ABC13 finds millions of disaster recovery money sitting in bank account

HOUSTON (KTRK) -- Hurricane Ike made landfall on Sept. 8, 2008.

In the weeks and months that followed, the state of Texas got billions in aid from the government.

Texas got $3.3 billion in disaster recovery grants from the Department of Housing and Urban Development alone. That money was for a variety of things, from rebuilding homes to rebuilding streets to building better infrastructure to protect against future storms.

In 2016, the city still had $130 million of that. Today, it's down to $61 million.

Nine years later after the storm, nearly half a billion of that money remains unspent, according to HUD reports.

The city of Houston got just over $285 million of those funds.

It's not just Ike money. The city of Houston got a direct allocation from HUD of $66 million for the 2015 floods. It got another $20 million within the last year.

So far, about $200,000 of that money has been spent, government documents show.

'Unmet need'

Kristin Massey bought her Meyerland house about two and a half years ago. Almost immediately after moving in, it flooded on Memorial Day of 2015. She rebuilt, moved in again, and almost immediately flooded the second time on Tax Day 2016.

If you don't know where this tale is going, you should.

She rebuilt again, moved in again, and flooded again during Harvey. And she's convinced there's a fourth time on the horizon.

"We know it will happen again," Massey said. "It will happen again next year."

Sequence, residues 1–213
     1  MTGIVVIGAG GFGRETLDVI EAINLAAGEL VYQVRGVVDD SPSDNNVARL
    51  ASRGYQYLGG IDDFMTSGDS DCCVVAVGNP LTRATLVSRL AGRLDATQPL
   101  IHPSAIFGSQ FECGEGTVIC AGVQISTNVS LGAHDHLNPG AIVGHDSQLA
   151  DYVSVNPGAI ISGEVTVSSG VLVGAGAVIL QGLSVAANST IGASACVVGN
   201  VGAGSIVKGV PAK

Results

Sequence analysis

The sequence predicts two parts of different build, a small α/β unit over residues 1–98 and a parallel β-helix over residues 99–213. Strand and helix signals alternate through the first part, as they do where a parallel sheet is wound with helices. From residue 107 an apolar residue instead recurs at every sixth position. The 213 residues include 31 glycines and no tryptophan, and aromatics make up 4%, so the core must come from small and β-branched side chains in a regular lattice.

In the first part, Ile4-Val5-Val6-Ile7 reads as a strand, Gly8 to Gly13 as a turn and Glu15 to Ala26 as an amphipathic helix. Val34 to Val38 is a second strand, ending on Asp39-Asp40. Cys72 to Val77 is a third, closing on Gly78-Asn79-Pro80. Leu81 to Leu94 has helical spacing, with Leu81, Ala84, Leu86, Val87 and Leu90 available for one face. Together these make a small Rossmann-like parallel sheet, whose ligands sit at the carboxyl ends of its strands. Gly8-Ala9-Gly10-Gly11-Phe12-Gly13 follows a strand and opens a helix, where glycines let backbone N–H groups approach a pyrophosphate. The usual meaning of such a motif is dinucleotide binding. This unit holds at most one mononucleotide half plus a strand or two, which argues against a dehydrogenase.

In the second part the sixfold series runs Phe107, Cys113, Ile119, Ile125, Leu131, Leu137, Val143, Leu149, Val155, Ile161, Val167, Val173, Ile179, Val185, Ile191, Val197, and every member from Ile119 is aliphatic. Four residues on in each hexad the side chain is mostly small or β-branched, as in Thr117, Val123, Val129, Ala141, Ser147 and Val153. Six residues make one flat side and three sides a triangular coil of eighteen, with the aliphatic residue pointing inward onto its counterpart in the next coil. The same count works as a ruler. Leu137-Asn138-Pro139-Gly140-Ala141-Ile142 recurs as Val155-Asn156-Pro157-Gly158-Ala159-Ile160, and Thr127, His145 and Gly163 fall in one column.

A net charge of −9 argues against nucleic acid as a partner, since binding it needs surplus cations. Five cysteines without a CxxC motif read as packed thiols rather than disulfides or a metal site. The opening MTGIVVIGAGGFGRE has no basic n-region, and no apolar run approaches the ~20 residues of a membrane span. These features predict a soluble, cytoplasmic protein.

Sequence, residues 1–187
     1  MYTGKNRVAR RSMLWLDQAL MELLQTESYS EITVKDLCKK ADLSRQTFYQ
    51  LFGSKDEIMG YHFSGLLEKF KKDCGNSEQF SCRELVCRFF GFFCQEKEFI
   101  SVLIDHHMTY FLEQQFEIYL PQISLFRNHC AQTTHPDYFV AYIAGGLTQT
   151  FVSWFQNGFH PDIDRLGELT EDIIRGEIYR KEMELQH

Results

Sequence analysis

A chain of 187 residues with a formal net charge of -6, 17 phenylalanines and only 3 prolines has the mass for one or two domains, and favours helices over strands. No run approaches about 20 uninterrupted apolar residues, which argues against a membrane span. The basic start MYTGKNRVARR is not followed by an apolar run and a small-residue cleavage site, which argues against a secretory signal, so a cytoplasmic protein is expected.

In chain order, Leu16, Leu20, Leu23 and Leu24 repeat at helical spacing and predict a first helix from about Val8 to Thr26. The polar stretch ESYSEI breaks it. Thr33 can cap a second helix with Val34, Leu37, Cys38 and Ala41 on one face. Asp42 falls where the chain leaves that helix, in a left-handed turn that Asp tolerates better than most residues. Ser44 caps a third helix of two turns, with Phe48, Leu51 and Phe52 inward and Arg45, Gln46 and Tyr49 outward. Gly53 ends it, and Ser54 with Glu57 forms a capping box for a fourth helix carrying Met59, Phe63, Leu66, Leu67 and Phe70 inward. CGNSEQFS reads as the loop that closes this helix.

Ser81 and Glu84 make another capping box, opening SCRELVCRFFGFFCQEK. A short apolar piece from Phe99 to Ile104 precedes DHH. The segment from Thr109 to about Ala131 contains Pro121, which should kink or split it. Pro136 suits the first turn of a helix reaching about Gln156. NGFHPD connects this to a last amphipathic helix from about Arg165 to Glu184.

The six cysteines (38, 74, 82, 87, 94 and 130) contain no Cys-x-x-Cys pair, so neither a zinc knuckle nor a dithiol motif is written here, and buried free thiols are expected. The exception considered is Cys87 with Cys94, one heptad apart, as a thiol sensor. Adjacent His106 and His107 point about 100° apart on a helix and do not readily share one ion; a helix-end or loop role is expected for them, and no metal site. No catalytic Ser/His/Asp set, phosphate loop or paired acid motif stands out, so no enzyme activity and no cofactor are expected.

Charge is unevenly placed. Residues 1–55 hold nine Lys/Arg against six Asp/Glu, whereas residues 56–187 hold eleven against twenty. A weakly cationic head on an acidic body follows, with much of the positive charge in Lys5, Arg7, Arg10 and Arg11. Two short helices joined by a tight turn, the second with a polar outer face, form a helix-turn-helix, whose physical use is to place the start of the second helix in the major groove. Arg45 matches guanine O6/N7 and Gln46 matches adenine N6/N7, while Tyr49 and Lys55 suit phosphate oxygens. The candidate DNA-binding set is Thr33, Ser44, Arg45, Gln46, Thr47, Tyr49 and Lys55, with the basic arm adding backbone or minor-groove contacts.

Kristin followed the rules. She has flood insurance on her house and cars. She even got creative and tried to "flood-proof" her home a time or two.

None of it mattered.

After three floods and hundreds of thousands of dollars straight out of her pocket, putting everything back in the exact same place to flood one more time, is just not an option.

And each minute that passes, waiting to see if anyone can help her, is a chunk of change.

"There's no time to wait. I can't sit and wait," Massey said. "Every day to figure out what I'm going to do with my home I have to make a step forward because I'm paying rent somewhere else I'm paying a mortgage. I still have to do something with this home and incur the loss to the value of the home."

Across the street, Drew Shefman couldn't wait either. He now has the city's tallest one-story home. He too flooded twice in two years before Harvey.

Despite being in the running for a federal grant to raise his home out of another flood, the government process wasn't fast enough for Shefman.

"We self-funded this," Shefman said.

He feared if he waited for that program, he'd flood again before seeing any help.

He was right.

The week before Harvey, crews were working overtime to raise his home as much as possible. As the first rain fell on that Wednesday, the home was up four feet, or 48 inches.

To be safe, they kept going up on Thursday and Friday until they had to stop and water stopped at 51 inches under the house.

The house had been raised to 56 inches.

A game of inches that paid immediate dividends for this one family that had the forethought and ability to pay to get it done.

"Most expensive night's sleep I've ever had."

Weeks before Harvey, the city of Houston approved 30 homes in this area to be lifted using a FEMA program. All of those homes had flooded twice since 2015. By the time Harvey hit, not one home had been lifted. All 30 flooded again.

A separate 2015 program managed by the city of Houston promised tens of millions to homeowners for home repair, lifting, buyouts or less-direct help like drainage improvements to keep at least some floodwater out of homes. Now two and half years later, $200,000 out of $66 million has been spent.